Dante Suarez, associate professor of finance and decision sciences, teaches a course titled “Doing Business in Latin America.” In this class, students listen to lectures on international business laws, learn to interact with team members from other cultures and create a plan for a hypothetical business. The class is three credits, and students travel to Monterrey, Mexico to present their business proposals.
And, Suarez teaches the class completely in Spanish.
Doing Business in Latin America is a Languages Across the Curriculum (LAC) class. This means the class is taught in a foreign language and students speak to each other and their professor in a foreign language.
The LAC program was formed 24 years ago. Nanette LeCoat, associate professor of modern languages and literatures, and Alida Metcalf, history professor, created the LAC program through the National Endowment for the Humanities Focus Grant. This grant enabled them to create a new program in language teaching through collaboration with her colleagues. Metcalf no longer works at Trinity, but LeCoat still serves on the LAC committee.
“We really wanted students to feel that this was something that would help them learn about a culture and about history, and also to be professionally useful. So we wanted to offer classes that were not the traditional offerings of the language and literature program, but rather focused on topics of interest,” LeCoat said.
Since its creation, LAC has expanded immensely. Professors teach one-hour LAC courses as an overload, an additional class on top of the required classes they teach. Because of this overload, professors receive a small stipend from LAC in order to encourage the expansion of the program. They develop courses on interesting topics in order to gain support and interest from students.
Bruce Holl teaches a course called Peoples of Russia as a one-hour credit class. He has seen improvement in students after taking LAC classes.
“I think it’s popular and I like it because it’s a response to student desire to apply their language to a broader range of subjects. That’s one reason. The other reason, and I’ve done some research on this, is that it’s been shown that once you reach a certain level in language training and then you take a content course … your language improves,” Holl said.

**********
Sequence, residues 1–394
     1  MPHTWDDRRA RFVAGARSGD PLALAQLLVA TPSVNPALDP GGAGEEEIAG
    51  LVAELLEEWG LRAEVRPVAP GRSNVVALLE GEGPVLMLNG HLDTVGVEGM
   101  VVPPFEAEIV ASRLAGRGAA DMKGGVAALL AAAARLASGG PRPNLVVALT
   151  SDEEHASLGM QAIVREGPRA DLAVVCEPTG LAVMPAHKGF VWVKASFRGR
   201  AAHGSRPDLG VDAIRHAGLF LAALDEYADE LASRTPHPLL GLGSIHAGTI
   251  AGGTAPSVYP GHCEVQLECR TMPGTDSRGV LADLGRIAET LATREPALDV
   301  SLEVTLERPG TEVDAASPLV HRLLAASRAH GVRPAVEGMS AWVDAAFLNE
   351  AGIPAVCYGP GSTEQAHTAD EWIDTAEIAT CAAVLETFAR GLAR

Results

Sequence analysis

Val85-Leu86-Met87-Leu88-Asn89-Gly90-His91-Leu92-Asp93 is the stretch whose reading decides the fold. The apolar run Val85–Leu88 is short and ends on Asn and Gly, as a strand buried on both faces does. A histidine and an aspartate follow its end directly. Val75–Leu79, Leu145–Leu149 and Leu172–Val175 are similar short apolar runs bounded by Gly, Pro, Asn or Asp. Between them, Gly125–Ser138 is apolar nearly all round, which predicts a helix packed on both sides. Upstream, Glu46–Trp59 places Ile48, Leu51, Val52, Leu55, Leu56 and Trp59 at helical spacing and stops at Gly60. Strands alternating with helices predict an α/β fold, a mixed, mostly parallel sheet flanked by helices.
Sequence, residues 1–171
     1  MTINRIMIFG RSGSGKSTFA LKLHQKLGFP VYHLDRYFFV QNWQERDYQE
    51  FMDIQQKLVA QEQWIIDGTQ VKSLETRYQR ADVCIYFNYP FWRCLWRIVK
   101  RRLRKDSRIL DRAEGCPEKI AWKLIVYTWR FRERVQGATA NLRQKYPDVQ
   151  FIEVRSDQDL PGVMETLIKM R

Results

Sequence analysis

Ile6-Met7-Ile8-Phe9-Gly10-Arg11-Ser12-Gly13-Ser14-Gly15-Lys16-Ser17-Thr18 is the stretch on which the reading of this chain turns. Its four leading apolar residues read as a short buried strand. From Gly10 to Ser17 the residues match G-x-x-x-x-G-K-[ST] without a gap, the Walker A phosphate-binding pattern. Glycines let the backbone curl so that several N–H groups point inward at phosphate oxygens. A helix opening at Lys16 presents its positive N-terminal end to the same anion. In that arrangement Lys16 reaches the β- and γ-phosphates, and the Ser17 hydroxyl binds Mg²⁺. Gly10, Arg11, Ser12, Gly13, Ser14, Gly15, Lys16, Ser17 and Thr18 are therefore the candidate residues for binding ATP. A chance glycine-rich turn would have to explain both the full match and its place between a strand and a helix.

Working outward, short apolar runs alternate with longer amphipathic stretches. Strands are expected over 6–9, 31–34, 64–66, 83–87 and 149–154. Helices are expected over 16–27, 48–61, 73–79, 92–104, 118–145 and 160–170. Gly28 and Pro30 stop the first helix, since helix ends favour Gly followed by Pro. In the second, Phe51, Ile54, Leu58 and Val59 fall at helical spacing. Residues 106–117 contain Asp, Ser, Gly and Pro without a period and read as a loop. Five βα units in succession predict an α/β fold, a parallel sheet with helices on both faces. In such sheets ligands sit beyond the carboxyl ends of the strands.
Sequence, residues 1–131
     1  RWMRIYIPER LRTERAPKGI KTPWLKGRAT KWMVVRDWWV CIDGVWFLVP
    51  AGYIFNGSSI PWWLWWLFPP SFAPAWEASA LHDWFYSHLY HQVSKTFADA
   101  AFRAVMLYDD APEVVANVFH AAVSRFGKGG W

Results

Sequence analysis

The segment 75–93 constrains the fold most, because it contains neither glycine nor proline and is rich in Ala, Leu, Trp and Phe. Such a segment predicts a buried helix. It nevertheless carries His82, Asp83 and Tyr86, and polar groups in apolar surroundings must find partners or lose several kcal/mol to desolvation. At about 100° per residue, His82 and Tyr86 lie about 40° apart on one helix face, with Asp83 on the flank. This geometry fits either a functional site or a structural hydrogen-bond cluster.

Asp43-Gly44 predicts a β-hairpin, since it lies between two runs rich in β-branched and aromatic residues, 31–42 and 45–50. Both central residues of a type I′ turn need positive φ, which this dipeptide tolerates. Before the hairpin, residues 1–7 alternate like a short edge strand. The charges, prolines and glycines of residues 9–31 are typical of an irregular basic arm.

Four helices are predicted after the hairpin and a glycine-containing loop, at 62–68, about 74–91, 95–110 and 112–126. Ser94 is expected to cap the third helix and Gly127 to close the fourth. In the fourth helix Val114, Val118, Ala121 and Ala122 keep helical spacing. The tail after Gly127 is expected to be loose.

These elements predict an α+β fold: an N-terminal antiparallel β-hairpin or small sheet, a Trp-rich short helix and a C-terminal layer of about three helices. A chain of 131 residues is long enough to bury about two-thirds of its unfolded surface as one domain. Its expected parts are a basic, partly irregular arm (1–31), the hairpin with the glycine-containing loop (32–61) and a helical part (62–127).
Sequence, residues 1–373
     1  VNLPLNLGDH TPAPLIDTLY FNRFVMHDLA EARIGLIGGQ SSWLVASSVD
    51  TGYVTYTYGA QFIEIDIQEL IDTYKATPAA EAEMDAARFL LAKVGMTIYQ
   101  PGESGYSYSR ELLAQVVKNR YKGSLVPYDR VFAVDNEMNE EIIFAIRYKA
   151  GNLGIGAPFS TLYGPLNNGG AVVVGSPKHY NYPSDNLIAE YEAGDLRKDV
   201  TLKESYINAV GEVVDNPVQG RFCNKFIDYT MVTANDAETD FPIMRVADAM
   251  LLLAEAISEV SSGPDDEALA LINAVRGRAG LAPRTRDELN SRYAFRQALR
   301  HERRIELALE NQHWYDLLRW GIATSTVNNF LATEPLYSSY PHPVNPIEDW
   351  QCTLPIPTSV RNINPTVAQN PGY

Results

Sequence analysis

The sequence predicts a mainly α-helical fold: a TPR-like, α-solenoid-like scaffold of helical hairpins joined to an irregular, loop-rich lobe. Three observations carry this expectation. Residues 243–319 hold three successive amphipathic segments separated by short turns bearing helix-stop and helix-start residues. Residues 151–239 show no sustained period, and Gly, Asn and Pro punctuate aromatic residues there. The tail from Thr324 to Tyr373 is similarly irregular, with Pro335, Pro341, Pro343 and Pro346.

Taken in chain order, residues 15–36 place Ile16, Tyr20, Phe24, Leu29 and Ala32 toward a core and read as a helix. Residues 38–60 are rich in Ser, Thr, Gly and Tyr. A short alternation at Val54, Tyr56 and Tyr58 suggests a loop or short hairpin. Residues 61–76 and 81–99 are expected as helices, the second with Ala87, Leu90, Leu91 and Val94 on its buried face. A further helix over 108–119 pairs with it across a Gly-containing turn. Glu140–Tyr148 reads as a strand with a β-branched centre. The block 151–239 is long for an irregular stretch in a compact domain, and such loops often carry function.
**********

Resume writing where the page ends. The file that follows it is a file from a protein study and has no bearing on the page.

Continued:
LAC is implementing a new aspect to the program called collaborative online international learning (COIL). COIL allows professors to connect and collaborate with classes across the world. The program pairs classes across the world that are studying the same topics, and enables them to communicate through their online class. LAC pioneered this program at Trinity, becoming the first department to use COIL. Because of the program, Suarez is not only able to connect with a class in Mexico online but also to take his students to Monterrey to meet with the class in person.
“I think sometimes we can have too much of an ethnocentric approach to the world, especially being Americans. Even if you’re not in the world of business, even if you’re not going to be dealing with people from other parts of the world, you probably will be dealing with people from different cultural backgrounds in any kind of situation. I think learning another language helps you understand the different cultural backgrounds that people have and understand their actions and behaviors,” Suarez said.
Over the years, LAC has seen an increase in student interest because students often find the classes more interesting than the typical language class. Junior Vladislav Chalenko is enrolled in Holl’s Peoples of Russia class this semester. He likes the unique subject matter that LAC classes offer and appreciates the opportunity to practice his Russian.
“We read historical documents, so you kind of see how the language has changed a little bit; they sort of write differently. It’s mostly primary sources in the LAC classes. It’s almost like a history class in a way, but you also get to practice your language,” Chalenko said.
Overall, LAC classes are meant to give students the ability to practice their target language while learning a subject that interests them.
“Language is not the subject, it’s the tool,” LeCoat said.